New York City Mayor Bill de Blasio on August 12 appointed Jukay Hsu, founder of the community development organization Coalition for Queens (C4Q), to the Queens Borough Public Library (QL) Board of Trustees. The appointment fills one of eight positions left vacant since July 23, when de Blasio dismissed two of the library’s trustees and Queens Borough President (QBP) Melinda Katz dismissed six, citing their support of embattled QL President and CEO Thomas Galante as the primary reason for their release. The move was made possible by a state law recently enacted specifically to grant them this power.
Hsu brings an impressive resume to the volunteer position. After earning a degree in economics from Harvard, he served as a U.S. Army infantry officer in Iraq, where he led the development and launch of an Iraqi-run radio station in Salah ad-Din province and was awarded a bronze star for exceptionally meritorious service against an armed enemy, according to a profile in The Atlantic. After returning home to Flushing, Queens in 2011, Hsu founded C4Q to promote development of a technology sector within the borough. In 2013, C4Q co-organized Open Tech NYC—New York City’s first conference on open source technology—and established Access Code, a technology education program that helps adults from underserved communities learn computer programming skills. Last year, at age 29, he served as the youngest member of the de Blasio administration’s transition team.
Case far from closed
Hsu’s appointment in itself is unlikely to generate controversy, but the move marks the latest development in a contentious, months-long battle between some members of the QL board and the offices of de Blasio and Katz over Galante’s continued leadership of the library.
According to the QL Board of Trustees by-laws, the mayor and QBP appoint trustees to serve terms of five years, and can only be dismissed for failing to attend at least three consecutive meetings, or by a two-thirds vote of all members of the board.
These recent dismissals of trustees were enabled by the passage in June of the new state law—authored in part by Katz, and sponsored by Queens State Senator Michael Gianaris and Assemblyman Jeffrion Aubry—that reduced the terms of appointments from five years to two, and gave the mayor and QBP the power to dismiss trustees at will. Within a month, these powers were exercised to force out supporters of Galante, who has been the subject of a series of articles in the New York Daily News that questioned his $392,000 salary, his side-work as a consultant, and the use of $140,000 in capital funds for renovation’s at the main QL branch in Jamaica, Queens, including $27,000 for an outdoor deck adjoining Galante’s office. Revelations that a contractor that Galante may have known through his consulting work had also been hired by QL have led the Federal Bureau of Investigation and NYC’s Department of Investigation to conduct a joint probe into how QL awards construction contracts.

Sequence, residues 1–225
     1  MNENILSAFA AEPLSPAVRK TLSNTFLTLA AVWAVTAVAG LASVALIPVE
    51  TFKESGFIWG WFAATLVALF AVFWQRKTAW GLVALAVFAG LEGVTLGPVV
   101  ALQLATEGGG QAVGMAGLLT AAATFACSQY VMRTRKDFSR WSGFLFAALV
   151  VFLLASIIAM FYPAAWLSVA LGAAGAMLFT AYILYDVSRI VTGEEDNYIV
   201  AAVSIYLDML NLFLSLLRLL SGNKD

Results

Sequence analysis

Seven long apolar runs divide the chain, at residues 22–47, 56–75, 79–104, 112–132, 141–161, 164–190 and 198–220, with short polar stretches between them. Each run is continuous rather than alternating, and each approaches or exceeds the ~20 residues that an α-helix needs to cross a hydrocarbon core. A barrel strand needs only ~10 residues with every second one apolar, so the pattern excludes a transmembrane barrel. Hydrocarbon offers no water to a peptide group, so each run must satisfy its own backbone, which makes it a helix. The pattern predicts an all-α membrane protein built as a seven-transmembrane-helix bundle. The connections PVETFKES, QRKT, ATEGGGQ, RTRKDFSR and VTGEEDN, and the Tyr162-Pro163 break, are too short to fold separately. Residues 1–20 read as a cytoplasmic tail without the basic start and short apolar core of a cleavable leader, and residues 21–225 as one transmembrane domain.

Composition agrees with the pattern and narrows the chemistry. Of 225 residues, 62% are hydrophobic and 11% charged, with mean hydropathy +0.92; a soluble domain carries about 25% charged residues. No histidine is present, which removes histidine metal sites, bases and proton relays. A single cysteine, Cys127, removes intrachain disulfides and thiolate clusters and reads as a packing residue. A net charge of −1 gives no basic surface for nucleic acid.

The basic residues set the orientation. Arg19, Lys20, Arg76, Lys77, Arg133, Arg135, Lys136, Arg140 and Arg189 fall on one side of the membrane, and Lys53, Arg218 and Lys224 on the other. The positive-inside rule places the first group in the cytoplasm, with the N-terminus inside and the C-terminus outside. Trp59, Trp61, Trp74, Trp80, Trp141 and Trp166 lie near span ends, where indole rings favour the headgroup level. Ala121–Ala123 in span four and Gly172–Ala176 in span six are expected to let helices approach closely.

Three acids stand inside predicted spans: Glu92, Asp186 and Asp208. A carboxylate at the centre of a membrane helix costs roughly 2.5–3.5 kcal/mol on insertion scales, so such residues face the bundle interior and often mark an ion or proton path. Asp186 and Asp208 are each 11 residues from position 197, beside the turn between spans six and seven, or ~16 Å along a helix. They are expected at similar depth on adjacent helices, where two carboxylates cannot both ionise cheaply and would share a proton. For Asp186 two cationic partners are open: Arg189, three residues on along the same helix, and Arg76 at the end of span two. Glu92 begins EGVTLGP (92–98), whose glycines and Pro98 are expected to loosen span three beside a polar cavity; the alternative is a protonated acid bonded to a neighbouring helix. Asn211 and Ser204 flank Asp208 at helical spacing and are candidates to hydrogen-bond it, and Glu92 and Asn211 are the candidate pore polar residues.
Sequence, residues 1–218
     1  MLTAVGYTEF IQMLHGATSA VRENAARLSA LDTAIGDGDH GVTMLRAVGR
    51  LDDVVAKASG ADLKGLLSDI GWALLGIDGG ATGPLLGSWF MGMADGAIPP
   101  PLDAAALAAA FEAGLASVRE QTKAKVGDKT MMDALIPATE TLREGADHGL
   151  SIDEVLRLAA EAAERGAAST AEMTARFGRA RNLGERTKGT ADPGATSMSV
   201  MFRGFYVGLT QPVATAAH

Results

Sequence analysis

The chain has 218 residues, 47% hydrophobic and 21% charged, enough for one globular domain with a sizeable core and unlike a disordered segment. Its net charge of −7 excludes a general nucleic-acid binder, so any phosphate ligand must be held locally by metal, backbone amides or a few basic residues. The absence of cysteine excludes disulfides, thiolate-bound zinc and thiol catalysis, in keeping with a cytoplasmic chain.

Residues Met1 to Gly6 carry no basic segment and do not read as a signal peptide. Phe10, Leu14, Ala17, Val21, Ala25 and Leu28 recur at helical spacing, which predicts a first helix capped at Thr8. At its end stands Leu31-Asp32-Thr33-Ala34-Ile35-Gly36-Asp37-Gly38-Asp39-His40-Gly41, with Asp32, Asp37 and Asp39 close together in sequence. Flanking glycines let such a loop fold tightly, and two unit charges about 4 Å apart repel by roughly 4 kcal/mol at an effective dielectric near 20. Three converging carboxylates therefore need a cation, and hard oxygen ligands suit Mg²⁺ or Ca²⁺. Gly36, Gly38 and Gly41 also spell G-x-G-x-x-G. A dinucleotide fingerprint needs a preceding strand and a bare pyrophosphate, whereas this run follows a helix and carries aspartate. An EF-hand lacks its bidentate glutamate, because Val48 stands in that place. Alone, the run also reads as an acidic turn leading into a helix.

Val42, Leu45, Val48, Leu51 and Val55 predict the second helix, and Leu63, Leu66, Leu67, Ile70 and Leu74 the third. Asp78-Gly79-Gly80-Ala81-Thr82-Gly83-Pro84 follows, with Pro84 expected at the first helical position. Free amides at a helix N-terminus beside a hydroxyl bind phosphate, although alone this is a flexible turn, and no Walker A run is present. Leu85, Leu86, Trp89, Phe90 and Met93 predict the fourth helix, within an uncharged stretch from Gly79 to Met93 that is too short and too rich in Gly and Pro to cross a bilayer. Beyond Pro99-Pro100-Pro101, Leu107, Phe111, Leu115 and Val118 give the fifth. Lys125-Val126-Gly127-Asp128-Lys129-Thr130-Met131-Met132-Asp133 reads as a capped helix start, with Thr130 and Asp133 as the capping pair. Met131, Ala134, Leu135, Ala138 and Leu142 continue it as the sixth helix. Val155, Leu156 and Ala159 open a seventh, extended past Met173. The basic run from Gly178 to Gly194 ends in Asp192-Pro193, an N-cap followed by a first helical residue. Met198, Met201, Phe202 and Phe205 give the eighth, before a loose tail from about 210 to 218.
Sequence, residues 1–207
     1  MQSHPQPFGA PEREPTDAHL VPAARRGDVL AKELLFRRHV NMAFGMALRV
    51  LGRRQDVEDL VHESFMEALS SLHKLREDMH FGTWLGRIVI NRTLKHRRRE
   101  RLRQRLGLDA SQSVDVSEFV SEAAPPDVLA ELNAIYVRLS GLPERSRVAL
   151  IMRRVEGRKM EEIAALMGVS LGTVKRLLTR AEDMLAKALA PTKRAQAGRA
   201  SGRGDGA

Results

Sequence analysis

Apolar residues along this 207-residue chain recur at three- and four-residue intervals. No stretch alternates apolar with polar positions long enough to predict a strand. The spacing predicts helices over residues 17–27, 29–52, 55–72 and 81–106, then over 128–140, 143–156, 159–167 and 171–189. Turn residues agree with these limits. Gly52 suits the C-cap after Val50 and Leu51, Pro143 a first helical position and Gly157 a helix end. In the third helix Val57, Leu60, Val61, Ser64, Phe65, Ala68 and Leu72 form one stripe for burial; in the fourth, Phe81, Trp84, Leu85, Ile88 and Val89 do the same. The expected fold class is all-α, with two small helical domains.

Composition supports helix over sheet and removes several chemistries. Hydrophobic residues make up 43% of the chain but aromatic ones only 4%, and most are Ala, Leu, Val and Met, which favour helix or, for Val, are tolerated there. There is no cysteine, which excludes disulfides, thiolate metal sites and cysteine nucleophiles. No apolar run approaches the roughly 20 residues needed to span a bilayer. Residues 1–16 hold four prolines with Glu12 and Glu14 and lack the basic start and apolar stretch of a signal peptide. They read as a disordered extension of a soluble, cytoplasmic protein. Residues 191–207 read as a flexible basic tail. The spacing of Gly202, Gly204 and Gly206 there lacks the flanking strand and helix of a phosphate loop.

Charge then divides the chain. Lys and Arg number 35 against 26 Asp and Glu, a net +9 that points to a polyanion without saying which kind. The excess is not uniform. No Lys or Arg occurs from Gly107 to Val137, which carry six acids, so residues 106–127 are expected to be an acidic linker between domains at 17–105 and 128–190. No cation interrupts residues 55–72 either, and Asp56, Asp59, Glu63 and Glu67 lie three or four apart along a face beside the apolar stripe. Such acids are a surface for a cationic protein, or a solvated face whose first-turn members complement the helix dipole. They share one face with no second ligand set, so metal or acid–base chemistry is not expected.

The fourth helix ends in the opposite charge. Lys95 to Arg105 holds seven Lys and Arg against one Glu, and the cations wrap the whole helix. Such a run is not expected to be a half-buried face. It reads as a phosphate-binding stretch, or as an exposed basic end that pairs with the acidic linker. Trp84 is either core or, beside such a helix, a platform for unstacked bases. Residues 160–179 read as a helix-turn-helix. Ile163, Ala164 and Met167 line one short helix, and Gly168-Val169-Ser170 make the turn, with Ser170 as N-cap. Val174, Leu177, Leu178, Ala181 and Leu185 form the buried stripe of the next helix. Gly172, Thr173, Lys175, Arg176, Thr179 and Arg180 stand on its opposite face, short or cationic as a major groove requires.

These developments led to calls for Galante’s dismissal and requests for QL to allow city auditors to inspect records on the library’s use of private donations, but about half of the board balked. The board, thus far, has not handed over those specific spending records or dismissed Galante, but the new law allowed Katz and de Blasio simply to remove the board members who voted against these moves.
In an earlier interview, Queens Library spokesperson Joanne King said that the new law severely compromises QL’s ability to operate independently.
“In terms of independence of governance, it is extremely threatening, because the board will now be subject to political control,” she said.
On August 1, the six trustees dismissed by Katz filed a lawsuit in Brooklyn federal court challenging the constitutionality of their removal, seeking to have their positions reinstated and have the law overturned, and seeking unspecified monetary damages from Katz, whom the suit accuses of “malicious and punitive conduct in publicly smearing plaintiffs to aggrandize herself.”
The first judge set to hear the case—the Hon. Roslynn Mauskopf of the U.S. District Court, Eastern District of New York—on August 11 recused herself due to a longstanding relationship with former Federal Judge Barbara Jones. This, in turn, led to the revelation that Jones had been hired by QL in July to conduct an internal investigation of whether a trustee had been leaking information about confidential board deliberations to Katz. QL officials suspected that Katz’s office was then mischaracterizing this information and feeding stories to the Daily News, according to court papers obtained by the Times Ledger of Queens.
On August 12, the former trustees were dealt a setback when District Court Judge James Orenstein recommended against granting a preliminary injunction that would have reinstated them to their positions while their case was heard.